When the House returned at 1pm on Tuesday 21 April, the scene in the chamber was strikingly different from normal, with only about a dozen ‘socially distanced’ members physically present. The first business was the introduction of two new life peers, Lord Grimstone of Boscobel and Lord Greenhalgh, who had quietly been appointed ministers in March. They did not wear robes and did not have the usual two supporters. Continue reading

Coronavirus and the Commons: how the hybrid parliament has enabled MPs to operate remotely

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It has now been three weeks since the House of Commons agreed to operate on a hybrid basis, with many MPs contributing remotely and the Commons holding its first remote votes. Former Commons clerk David Natzler assesses how the virtual parliament has been operating, and asks if and when the Commons will return to its pre-hybrid state.

The three weeks since the return of parliament from the Easter break have seen the rapid emergence of a virtual parliament, but asymmetrically between the two houses. The Lords has followed a twin track: ordinary chamber proceedings whenever a decision of the House is required, and ‘Virtual Proceedings’ for questions, statements and debates where participation is restricted to those peers not in the chamber. In separate orders agreed on 21 and 22 April the Commons decided that both scrutiny (questioning) and substantive (decisive) proceedings would be ‘hybrid’, meaning that members could take part whether in the chamber or not, and that each group would be treated with strict equality. All categories of business can now at least in theory be dealt with. For example, the report stage of the Agriculture Bill is scheduled for 13 May. On 11 May two pieces of internal business were dealt with: a personal statement from Greg Hands was made remotely, and Conor Burns was suspended from the Commons for seven days, both following reports from the Committee on Standards: evidence that the House has still been able to exercise its powers during these unusual times.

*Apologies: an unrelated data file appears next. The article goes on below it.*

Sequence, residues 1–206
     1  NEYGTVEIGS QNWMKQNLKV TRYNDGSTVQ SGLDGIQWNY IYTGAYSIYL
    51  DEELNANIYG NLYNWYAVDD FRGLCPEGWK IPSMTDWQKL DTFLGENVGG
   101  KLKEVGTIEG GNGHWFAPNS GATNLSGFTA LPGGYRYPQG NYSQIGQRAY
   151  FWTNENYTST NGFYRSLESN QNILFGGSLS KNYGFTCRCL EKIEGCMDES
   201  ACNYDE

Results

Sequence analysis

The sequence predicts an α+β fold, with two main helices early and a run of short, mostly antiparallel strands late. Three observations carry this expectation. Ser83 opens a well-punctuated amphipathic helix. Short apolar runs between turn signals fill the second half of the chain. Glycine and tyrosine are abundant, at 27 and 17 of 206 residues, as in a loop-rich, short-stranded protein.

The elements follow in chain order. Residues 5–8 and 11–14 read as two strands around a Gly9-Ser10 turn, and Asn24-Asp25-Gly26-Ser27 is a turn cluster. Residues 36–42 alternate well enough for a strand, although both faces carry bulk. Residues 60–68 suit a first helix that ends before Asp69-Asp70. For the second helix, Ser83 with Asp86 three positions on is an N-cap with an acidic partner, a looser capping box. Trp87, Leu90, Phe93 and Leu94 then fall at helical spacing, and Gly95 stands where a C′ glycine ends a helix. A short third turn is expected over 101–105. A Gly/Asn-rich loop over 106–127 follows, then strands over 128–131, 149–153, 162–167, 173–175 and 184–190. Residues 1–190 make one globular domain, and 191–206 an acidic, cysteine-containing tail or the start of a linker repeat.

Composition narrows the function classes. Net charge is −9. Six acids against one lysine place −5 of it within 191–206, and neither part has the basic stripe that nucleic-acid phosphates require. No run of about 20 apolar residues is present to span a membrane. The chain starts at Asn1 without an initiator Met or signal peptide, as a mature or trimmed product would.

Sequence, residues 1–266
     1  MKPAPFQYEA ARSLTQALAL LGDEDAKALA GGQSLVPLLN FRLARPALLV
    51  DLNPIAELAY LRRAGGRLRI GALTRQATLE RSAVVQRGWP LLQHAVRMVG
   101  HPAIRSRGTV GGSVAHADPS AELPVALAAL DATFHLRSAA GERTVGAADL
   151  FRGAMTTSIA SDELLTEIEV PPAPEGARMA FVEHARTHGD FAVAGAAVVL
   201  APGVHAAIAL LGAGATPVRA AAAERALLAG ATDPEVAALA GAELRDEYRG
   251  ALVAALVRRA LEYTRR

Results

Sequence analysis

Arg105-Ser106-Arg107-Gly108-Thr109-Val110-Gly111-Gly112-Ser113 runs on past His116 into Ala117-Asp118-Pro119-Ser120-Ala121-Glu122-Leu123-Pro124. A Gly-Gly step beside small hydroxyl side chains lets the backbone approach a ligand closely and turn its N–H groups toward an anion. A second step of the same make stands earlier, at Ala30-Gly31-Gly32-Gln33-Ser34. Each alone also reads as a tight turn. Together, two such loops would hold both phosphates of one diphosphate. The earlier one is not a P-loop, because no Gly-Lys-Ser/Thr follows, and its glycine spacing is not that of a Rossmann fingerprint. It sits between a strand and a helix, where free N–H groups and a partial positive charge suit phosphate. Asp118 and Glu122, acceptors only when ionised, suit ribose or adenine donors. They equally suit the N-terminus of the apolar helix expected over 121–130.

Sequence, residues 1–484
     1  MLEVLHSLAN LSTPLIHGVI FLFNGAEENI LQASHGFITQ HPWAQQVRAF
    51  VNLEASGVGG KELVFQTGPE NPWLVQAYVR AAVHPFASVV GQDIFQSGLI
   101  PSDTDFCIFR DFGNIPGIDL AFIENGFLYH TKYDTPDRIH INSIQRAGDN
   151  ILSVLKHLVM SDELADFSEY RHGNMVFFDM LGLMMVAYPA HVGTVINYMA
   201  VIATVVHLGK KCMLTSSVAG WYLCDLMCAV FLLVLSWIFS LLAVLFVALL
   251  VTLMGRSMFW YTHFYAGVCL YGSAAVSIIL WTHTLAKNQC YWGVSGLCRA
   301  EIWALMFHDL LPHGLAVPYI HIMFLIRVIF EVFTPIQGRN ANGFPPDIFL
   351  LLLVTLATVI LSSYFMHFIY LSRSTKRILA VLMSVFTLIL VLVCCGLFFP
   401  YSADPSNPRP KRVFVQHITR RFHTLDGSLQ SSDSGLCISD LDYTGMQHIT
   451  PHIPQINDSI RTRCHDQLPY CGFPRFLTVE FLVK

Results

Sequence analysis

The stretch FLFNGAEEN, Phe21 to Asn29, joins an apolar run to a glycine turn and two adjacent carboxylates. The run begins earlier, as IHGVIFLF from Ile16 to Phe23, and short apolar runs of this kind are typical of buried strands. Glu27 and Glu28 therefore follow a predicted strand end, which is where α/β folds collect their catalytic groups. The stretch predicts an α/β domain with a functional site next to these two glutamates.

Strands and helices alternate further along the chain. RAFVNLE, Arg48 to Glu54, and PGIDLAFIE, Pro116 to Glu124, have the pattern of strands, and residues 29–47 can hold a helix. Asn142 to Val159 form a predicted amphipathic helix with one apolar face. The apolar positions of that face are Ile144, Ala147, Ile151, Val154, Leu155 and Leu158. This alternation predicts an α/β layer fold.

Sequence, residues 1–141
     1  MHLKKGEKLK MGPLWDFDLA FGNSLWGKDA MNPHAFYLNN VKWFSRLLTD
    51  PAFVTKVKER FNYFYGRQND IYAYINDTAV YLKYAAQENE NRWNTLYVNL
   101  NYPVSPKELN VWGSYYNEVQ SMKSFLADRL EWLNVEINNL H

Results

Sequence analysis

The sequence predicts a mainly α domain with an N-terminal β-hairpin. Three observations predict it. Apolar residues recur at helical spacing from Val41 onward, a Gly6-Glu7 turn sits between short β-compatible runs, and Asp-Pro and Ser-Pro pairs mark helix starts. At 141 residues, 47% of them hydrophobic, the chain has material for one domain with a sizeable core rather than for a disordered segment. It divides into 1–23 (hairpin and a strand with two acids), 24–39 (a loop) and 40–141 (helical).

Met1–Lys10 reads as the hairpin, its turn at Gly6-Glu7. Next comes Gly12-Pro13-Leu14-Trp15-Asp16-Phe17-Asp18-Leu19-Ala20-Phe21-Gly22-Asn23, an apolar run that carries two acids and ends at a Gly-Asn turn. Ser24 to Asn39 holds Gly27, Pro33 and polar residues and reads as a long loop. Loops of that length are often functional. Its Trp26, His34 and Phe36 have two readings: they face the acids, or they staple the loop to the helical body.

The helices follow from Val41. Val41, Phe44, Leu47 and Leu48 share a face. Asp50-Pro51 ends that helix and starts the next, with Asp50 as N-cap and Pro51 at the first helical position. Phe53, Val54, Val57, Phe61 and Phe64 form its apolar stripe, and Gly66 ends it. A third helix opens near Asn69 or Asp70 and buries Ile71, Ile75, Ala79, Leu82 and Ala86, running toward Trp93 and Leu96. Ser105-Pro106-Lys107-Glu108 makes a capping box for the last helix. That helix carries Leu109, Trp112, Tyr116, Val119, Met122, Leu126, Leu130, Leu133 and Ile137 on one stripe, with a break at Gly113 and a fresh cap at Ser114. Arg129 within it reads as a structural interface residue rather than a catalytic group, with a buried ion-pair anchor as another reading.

Lists of questioners are compiled and published in advance, on the parliamentary website, indicating whether the member intends to attend in person or remotely. Virtual contributions are denoted in Hansard with a ‘V’ by the speaker’s name. That all is proceeding smoothly is due not only to the staff of the House but also to its political leadership, which has created a broad consensus in a way that seemed unlikely a few weeks ago. The Westminster parliament is now something of a market leader: the senior official overseeing the changes, Matthew Hamlyn, gave evidence on 30 April to the Canadian House of Commons Procedure and House Affairs Committee, along with representatives of other parliaments, on the new arrangements.

Who still attends in the Commons – and why?

The lead minister responsible for the department answering questions,  making a statement or introducing legislation generally, but by no means always, attends. Indeed, the first minister to answer departmental questions, Simon Hart, the Secretary of State for Wales, participated remotely. Junior ministers often attend physically if they have more than one question to answer. The presence in the chamber of the answering minister does give general confidence that their replies will be audible whatever minor gremlins get into Zoom. Most but not all opposition frontbenchers attend in person, although Lisa Nandy and Ellie Reeves both made their frontbench debuts remotely